In a world before Forza Horizon pretty much set the standard for what always-online open-world driving games could be, there was Test Drive Unlimited on the Xbox 360. TDU recreated the entirety of Hawaii’s Oahu island at one-to-one scale — a stunning achievement, even 17 years on. Now TDU is bracing for a comeback, set on a very different floating rock: Hong Kong. And we got to see a glimpse of it this week in developer Kylotonn’s latest newsletter to fans.
Like the first instalment’s rendition of Oahu, Solar Crown’s Hong Kong Island is also built to scale. Of course, HKI is much smaller than the Big Island, so don’t expect any hour-long drives from end to end. That said, it also seems to offer considerably more variety than TDU’s Oahu did, from cliffside vistas to neon-lined skyscrapers.
Not every path on the island has been recreated true-to-life, because 1) that’s just not feasible and 2) even if it was, it wouldn’t guarantee fun gameplay. Creative Director Alain Jarniou offered a little insight in the newsletter on how the team has attempted to replicate the spirit of Hong Kong Island, albeit with 595 km’ worth of roads better suited for racing. Via Reddit:
Recreating Hong Kong Island with all its variety and small details was a considerable challenge. In an open-world game like TDU, we need to provide a seamless and interesting driving experience as well as encourage exploration, which is an important part of the experience. To increase immersion and transport players to a new country, we also wanted to make HKI very realistic, which is why we recreated it at 1:1 scale. It was a challenge technically as well as in terms of gameplay. Thanks to the experience gained developing many rally games (WRC series) and motorcycling games (TT series), we have considerable expertise in creating realistic environments on a large scale. But TDU is a different kind of experience and more challenging. Hong Kong Island is an amazing playground that offers incredible diversity, and each environment received special attention to make them more fun for players. To emphasise the fast and smooth driving, for example, the very dense urban network of HKI needed some small adjustments because of certain little streets that were very (too?) narrow. Conversely, some light redesign was done to the major thoroughfares to make them more fun and adapted to very fast cars, while respecting the identity of Hong Kong Island. To increase exploration options, we used our expertise from WRC games to transform certain walking and hiking paths into small mountain roads that a car can use.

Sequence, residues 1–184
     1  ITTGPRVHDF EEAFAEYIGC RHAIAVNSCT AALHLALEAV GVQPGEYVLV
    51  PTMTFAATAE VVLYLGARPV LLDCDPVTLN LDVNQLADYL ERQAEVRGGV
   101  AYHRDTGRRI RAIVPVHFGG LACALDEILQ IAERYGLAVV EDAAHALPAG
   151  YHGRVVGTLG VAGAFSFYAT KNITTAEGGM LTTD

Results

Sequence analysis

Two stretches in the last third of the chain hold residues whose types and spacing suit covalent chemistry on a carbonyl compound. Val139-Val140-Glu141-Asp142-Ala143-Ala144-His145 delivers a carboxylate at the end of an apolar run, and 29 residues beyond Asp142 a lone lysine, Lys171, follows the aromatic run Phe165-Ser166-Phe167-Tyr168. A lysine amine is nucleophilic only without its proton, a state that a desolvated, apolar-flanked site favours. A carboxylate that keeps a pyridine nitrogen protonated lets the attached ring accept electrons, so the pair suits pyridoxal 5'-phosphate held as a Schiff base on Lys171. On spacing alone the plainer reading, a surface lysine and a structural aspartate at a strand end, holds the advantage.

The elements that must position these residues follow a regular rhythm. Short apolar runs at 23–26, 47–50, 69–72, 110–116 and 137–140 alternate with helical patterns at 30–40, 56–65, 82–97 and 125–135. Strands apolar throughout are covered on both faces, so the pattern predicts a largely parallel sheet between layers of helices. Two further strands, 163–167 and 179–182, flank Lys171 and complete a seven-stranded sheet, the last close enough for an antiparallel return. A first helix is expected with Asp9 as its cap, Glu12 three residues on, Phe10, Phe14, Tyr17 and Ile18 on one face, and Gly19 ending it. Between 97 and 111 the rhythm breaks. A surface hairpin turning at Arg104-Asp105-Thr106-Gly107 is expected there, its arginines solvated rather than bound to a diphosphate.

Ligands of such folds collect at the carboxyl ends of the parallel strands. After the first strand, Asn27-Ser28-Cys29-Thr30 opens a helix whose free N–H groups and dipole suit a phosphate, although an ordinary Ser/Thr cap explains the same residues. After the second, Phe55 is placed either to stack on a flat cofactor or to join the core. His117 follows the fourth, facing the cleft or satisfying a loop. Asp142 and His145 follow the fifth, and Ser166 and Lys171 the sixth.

Solar Crown’s map is comprised of 14 districts of vastly ranging biomes, with a good number of local landmarks peppered in, as Lead Artist Stéphane Cambier explains:
You can cruise through downtown Wan Chai, the financial district with huge buildings like the Hopewell Centre and Convention Centre, then pass through the Central District under the Bank of China Tower and the twin towers of the Lippo Centre, an iconic skyscraper on HKI. The East docks area is the perfect playground for the Streets. Their HQ, an underground industrial nightclub, can be found here. But if you prefer a calmer and more residential atmosphere, the Repulse Bay district with its luxury dealerships is there on the south side of the island. The Peak, the island’s highest point, is perfect for an off-road experience and to admire the city as the sun goes down. Are you an inveterate explorer at heart? Set off to find small fishing villages at the foot of Tai Tam Tuk Reservoir, which can only be reached by small paths; then take the Dragon’s Back to reach Shek O for unforgettable gaming moments that can only be found in TDUSC.
Solar Crown’s been somewhat missing in action until recent weeks, when publisher Nacon began sharing in-engine screenshots. All video footage of the game has been CGI, so we still don’t really have a sense of how the first open-world Test Drive experience in over a decade will look during gameplay, nor do we even know when it’s launching. The development studio responsible, Kylotonn, is known for its officially-licensed World Rally Championship and Isle of Man TT games. The WRC series was a model of consistency, but building an open-world racer is an entirely different challenge from making a stage- or circuit-based one.
Personally, I’m tempering my expectations. The studio doesn’t have a proven track record with a game of this magnitude. Plus, Solar Crown’s narrative of pitting rival gangs of trust-fund babies against each other (they’re called “Streets” and “Sharps,” canonically) has the potential to get real irritating, real fast. But so long as the physics are competent and the world’s interesting enough, it could just be the diversion from Forza Horizon and Need for Speed that the genre’s been needing.
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